Maryland is a complicated and controversial place to be right now for queer and trans people. First, its same-sex marriage bill – which seemed like it had a solid chance of passing the House after winning the Senate and the governor’s support – was set aside in the hopes of a more favorable voting climate in the future.
Now the issue is HB 235, the bill that many had hoped would provide much-needed protections for trans people in terms of housing, employment, and credit. Will the bill actually deliver on its promise of defense against discrimination? Or, as several trans activists are saying, does its language leave gaping holes through which many vulnerable trans people could fall?
To understand the importance of HB-235, you have to consider the urgency of the housing and homelessness problems in the queer and (especially) trans communities. Homelessness is a major issue for queers throughout the US, especially for teens and young adults; for trans people of all ages, though, the problem is even more serious.
As the National Center for Transgender Equality reports from a recent study of trans people:
+ Only one in four respondents reported being satisfied with his or her housing situation.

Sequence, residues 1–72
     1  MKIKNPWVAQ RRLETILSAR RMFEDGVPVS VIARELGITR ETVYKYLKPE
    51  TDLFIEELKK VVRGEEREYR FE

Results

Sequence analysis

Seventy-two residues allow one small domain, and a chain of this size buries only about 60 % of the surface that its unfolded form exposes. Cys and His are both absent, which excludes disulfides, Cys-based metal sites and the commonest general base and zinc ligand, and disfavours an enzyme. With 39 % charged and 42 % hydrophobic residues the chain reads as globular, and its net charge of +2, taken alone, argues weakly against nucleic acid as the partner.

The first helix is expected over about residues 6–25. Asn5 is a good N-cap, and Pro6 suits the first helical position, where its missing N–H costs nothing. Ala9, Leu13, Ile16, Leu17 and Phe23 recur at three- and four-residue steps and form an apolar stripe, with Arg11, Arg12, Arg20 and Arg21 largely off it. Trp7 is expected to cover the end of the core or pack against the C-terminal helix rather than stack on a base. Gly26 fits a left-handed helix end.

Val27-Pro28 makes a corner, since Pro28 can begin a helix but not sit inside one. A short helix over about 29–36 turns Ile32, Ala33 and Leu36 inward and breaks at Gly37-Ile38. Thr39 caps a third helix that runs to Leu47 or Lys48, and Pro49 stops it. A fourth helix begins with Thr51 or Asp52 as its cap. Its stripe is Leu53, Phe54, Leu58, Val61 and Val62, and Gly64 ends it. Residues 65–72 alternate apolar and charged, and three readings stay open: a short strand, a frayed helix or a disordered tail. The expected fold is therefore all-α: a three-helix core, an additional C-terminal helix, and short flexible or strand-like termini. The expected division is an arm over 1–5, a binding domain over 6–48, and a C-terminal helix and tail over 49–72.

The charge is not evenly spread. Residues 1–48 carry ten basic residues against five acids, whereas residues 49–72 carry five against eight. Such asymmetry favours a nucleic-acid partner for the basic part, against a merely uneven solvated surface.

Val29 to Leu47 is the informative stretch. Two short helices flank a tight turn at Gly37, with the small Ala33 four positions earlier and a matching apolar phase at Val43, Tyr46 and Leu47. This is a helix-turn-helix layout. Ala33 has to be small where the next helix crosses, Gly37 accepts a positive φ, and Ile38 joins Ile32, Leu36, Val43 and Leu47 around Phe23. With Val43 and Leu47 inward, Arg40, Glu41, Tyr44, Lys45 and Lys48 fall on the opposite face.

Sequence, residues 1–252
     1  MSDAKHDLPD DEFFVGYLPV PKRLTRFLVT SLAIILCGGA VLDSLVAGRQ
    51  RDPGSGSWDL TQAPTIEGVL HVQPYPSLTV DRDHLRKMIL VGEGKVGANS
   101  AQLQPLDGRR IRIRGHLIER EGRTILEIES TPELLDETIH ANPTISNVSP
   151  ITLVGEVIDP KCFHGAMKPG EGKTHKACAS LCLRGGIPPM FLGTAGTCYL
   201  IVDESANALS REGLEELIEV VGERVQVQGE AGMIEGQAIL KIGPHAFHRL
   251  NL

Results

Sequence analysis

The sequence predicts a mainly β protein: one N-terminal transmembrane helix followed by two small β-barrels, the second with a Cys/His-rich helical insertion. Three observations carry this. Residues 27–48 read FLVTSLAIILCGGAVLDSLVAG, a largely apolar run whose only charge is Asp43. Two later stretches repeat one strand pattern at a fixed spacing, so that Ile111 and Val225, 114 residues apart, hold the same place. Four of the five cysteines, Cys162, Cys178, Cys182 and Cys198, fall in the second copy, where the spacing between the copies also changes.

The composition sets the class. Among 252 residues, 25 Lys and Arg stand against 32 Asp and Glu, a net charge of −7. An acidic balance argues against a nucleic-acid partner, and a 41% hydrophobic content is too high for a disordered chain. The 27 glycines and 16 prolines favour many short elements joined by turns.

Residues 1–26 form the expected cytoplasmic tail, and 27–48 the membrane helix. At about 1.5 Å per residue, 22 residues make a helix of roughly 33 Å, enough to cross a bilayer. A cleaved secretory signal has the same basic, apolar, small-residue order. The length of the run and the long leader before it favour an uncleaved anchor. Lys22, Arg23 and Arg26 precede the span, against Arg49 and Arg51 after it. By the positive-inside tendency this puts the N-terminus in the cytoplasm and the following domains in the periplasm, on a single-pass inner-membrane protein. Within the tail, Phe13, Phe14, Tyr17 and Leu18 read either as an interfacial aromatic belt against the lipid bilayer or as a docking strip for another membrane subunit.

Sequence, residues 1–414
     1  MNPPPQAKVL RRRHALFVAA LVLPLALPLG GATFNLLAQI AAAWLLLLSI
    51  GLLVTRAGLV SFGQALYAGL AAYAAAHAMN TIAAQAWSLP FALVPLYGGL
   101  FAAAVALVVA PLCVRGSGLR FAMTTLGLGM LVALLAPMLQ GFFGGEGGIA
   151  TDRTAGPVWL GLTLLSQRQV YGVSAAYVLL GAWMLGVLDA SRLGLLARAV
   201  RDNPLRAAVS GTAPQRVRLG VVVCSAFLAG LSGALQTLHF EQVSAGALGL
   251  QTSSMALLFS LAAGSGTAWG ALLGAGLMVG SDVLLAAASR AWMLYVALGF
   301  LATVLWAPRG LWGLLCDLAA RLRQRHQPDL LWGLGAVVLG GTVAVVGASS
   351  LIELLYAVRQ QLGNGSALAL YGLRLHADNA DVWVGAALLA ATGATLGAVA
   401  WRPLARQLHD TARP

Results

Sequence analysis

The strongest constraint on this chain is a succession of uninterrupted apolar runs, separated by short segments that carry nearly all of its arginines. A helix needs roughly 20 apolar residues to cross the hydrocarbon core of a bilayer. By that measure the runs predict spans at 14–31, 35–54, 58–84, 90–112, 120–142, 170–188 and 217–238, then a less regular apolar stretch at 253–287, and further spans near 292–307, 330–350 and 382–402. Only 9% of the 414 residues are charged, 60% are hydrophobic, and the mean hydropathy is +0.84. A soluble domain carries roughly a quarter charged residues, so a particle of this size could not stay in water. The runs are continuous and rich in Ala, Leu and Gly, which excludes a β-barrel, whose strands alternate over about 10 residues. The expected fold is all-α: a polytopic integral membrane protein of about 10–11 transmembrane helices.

+ One in five did not have stable housing.
+ 13% of respondents reported not feeling safe in their current housing.
+ One third of transgender people were earning $10,000 or less per year (making the housing search especially difficult).
Bottom line, trans people face a greater risk of homelessness and/or housing discrimination than cis people. And what makes it worse is that homeless shelters often don’t present a viable option. As the National Center for Transgender Equality has found:
Transgender people have a very difficult time accessing homeless shelters that are safe for them. Nearly all homeless shelters in the United States are segregated by sex, and transgender people are often not allowed to be housed with the appropriate sex. If a shelter accepts transgender residents at all, often shelters require genital surgery before admitting them. Transgender women who are required to stay in men’s facilities report that they are sexually propositioned, verbally harassed, and sometimes assaulted. Even when people are allowed to be housed in the facility based on the gender with which they self-identify, some facilities need to increase the safety and privacy of the environment. For example, transgender men are sometimes housed in men’s shelters that do not have enough privacy in the showers and bathrooms (such as no curtains or stall doors). Another significant problem is that some shelters have strict sex-based dress codes. This problem is especially present in youth shelters, in which youth are often disciplined and ejected because of violating the dress code policies of the shelter.
The aim of HB-235 is, in theory, to end situations like this. It synopsis describes it as “Expanding the remedies available for discrimination by a place of public accommodation; clarifying the remedies available for an unlawful employment practice; authorizing a complainant alleging discrimination by a place of public accommodation to bring a civil action; etc.”